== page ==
Reduction in Dementia Predicted With Midlife Risk Factor Modification

Pam Harrison

April 02, 2010

April 2, 2010 — According to the calculations of UK experts, the prevalence of dementia could be reduced by between 15% and 20% with appropriate risk factor modification begun by the age of about 35 years. As Tom Russ, MD, and John Starr, MD, from the University of Edinburgh, Scotland, observe in an editorial published online April 1 in BMJ Clinical Evidence, limiting the financial and personal cost of dementia are key goals for healthcare systems.

"One strategy that has recently gained momentum is early intervention to prevent development of the disorder," the authors note. In a BBC-hosted dementia panel held on January 6, panellists discussed 4 main factors that may minimize the risk for dementia across populations.

These include increasing levels of exercise across all ages, controlling midlife obesity, optimizing midlife blood pressure, and reducing midlife cholesterol levels to recommended targets for various risk groups.

With the right interventions, the panel estimated dementia rates could be potentially reduced by 2% per year starting from 2012, provided the interventions occurred in midlife, as there is no evidence that lowering blood pressure or cholesterol later in life effectively prevents dementia.

"Obviously, this would have a huge impact on the population prevalence of dementia, not to mention the potential impact on other disorders, such as cardiovascular disease, which share the same risk factors," Dr. Russ told Medscape Neurology.

Indeed, there is evidence now suggesting that risk factor modification may help prevent damage to the brain not only in vascular dementia, where traditional CVD risk factors most likely contribute to the pathology, but even in Alzheimer's disease, despite its very different pathology, Dr. Russ added.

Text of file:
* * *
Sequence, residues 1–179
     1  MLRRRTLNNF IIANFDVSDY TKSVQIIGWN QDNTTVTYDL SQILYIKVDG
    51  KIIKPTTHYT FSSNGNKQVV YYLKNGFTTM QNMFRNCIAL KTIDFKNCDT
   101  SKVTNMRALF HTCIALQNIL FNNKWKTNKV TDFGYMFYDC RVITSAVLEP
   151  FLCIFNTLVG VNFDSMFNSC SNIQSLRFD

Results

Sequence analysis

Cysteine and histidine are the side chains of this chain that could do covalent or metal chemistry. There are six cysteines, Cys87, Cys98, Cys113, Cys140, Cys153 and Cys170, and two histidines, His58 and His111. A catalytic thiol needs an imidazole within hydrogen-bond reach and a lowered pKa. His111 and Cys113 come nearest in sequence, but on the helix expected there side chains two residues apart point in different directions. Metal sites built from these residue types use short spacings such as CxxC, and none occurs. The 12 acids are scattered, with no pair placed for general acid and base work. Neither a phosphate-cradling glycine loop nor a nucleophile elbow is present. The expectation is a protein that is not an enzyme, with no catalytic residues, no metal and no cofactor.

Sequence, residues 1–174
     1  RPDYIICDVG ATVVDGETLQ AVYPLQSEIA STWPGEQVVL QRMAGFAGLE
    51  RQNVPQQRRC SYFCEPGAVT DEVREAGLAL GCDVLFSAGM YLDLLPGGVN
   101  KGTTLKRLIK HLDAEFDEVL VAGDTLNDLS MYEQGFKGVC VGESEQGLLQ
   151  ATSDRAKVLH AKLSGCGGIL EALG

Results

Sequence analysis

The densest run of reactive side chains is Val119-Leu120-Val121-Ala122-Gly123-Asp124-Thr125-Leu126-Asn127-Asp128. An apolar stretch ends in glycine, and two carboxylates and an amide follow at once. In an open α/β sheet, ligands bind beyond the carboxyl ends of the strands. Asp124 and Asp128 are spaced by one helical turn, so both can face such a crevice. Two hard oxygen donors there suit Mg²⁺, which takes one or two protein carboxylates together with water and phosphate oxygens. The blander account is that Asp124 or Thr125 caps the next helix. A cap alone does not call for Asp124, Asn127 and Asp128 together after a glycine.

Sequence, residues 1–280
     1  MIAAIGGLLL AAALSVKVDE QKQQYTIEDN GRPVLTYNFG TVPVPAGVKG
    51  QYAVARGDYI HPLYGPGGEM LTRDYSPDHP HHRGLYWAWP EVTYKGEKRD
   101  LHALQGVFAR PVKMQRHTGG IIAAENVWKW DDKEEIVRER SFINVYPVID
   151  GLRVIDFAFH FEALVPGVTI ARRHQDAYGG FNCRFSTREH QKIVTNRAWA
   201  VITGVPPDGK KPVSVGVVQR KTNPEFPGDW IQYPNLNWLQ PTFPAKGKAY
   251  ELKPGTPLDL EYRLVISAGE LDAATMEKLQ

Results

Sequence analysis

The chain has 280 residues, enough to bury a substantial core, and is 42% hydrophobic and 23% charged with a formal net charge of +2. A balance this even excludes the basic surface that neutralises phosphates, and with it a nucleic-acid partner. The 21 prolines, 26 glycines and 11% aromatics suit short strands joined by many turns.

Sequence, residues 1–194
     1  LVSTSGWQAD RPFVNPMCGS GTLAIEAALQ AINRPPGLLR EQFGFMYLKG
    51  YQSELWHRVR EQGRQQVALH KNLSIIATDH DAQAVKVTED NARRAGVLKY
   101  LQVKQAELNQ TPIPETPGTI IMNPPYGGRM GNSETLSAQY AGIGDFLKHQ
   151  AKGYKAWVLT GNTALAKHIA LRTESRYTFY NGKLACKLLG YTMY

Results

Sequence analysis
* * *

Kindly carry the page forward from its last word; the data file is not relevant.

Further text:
Mild Cognitive Impairment

As the authors point out, between 11% and 33% of patients with mild cognitive impairment (MCI) develop dementia within 2 years of MCI onset, and MCI may be considered almost a precursor of dementia. There is as yet no reliable way of determining who is likely to progress to dementia and who will not, but some researchers feel that the answer will lie in more detailed neuroimaging or neuropsychological testing than is currently used.

To date, however, there is no evidence that treatment of MCI halts progression to dementia, so the identification of MCI may be of limited clinical use, the authors note.

"It's not terribly new, we are simply suggesting that these risk factors should be controlled as well as possible at a population level and that people should practice healthy lifestyle habits from midlife onwards to reduce their risk of many diseases, including dementia," Dr. Russ observed.

The Alzheimer's Research Trust recently estimated that dementia costs the United Kingdom £23 billion a year.

Dr. Russ' post is supported by Alzheimer Scotland.

BMJ Clinical Evidence. Published online April 1, 2010.

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